Beleaguered MUSUL to lose corporate, commercial services
The University today released a statement suggesting that it intends to shut down the 13 year old corporate services provider, MU Student Union Limited (MUSUL), which currently provides corporate services (such as IT, HR, and finance) to the Student Union, and transfer those services to University Services.
According to the statement, it intends to undertake an “orderly transfer” of “all corporate services and commercial services that are presently provided by MUSUL” to its student organisations “from the subsidiary [MU] Student Union Limited (MUSUL) to University Services”.
For those of you not up on the lingo, the “corporate services” referred to are ‘back of house’ services, such as IT, human resources, and processing financial transactions. MUSUL is also responsible for some commercial services, such as the 130 Degrees catering business as well as graduation regalia hire, and the transfer would include those services.
MUSUL is a University-owned company that exists to provide corporate services to student organisations. It is organisationally and legally separate from the University of Melbourne Student Union (UMSU) and the Graduate Student Association (GSA), which are the two primary clients for its services.
By contrast, University Services is a division of the University that is responsible for a huge array of the non-academic things that the University does. It provides (among other things) corporate services to the rest of the University in the same way that MUSUL does to UMSU and the GSA.
According to UMSU President Tyson Holloway-Clarke, the University will be entering into negotiations with UMSU about the best model for UMSU to be provided with corporate services. Holloway-Clarke said UMSU was “flexible and open to different models and approaches”, although emphasised the importance of UMSU maintaining “autonomy” over some areas, ensuring it had a separation and independence from the University.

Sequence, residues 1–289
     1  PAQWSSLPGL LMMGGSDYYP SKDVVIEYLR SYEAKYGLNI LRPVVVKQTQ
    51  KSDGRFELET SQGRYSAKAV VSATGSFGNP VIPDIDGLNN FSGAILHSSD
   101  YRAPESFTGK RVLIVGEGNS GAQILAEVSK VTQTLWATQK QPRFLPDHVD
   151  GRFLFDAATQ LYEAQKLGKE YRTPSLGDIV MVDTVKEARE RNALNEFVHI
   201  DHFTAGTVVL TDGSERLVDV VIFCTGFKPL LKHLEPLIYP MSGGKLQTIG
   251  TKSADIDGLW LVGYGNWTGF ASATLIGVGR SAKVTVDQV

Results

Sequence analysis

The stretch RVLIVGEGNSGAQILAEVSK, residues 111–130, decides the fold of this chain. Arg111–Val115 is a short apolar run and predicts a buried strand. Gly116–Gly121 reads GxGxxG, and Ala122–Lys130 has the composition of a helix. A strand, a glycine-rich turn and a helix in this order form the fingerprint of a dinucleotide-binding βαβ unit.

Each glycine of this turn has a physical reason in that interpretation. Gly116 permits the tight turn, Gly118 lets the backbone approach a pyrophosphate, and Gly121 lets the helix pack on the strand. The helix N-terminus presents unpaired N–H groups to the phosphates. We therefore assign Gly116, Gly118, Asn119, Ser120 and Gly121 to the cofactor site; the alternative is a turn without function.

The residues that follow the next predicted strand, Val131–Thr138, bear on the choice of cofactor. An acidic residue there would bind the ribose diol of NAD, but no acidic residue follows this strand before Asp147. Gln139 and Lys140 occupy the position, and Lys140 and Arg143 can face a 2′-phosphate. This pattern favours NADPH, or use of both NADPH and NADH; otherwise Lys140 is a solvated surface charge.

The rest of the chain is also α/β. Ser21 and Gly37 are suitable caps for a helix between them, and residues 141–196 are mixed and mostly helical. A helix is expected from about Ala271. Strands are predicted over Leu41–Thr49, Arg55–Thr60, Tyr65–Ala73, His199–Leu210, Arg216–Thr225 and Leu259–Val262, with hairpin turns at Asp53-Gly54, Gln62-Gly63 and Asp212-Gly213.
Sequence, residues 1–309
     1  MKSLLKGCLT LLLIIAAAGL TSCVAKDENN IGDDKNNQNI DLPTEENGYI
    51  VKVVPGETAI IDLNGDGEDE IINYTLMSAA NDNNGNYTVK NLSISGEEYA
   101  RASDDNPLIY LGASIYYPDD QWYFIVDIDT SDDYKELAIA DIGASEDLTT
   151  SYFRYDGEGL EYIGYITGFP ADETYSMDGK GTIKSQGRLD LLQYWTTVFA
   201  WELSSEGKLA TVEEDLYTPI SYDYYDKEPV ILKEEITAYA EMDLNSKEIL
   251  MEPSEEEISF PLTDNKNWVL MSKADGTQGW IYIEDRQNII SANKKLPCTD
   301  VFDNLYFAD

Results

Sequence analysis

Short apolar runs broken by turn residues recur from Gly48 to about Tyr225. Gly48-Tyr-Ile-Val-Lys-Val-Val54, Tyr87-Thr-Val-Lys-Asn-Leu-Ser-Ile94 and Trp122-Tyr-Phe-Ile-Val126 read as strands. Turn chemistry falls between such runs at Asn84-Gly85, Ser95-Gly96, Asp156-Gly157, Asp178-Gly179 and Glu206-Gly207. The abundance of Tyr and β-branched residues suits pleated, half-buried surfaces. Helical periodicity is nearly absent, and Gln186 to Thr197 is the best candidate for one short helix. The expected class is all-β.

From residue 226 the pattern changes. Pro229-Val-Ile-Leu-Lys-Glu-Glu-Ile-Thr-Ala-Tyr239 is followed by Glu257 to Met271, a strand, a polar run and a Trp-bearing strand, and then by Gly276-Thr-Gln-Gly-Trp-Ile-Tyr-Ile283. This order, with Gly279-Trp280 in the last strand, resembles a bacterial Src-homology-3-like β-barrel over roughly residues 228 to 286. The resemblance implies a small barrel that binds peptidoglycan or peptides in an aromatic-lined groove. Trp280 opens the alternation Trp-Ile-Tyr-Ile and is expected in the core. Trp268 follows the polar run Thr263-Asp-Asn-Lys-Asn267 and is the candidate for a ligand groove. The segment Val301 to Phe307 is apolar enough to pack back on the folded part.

MUSUL has been under fire, particularly from UMSU, following persistent allegations from UMSU of poor service provision, reluctance to listen to and act on concerns from UMSU, and a widely-publicised incident of accounting irregularities earlier in the year. It also relies on income received from tenants in Union House for a significant proportion of its revenue — revenue that will dry up if Union House is repurposed as part of the Student Precinct redevelopment.
It has historically existed to separate core functions around finance and legal compliance from the student-controlled UMSU. The dual-organisation structure was established in the wake of the collapse of MUSUi (Melbourne University Student Union Inc), a predecessor student union which was liquidated in 2004 amid allegations of poor financial management.
According to the University’s statement, “since MUSUL was established 13 years ago, the governance and management of our student associations has evolved and matured, as has the need for an independently managed building with student facing lifestyle and food needs.”
The decision was made by the University’s Finance Committee (a sub-committee of University Council) on the basis of a “management recommendation”. When asked for comment, MUSUL directed us to the University’s statement.
Parkville Station understands that the news was given to staff of MUSUL and UMSU today.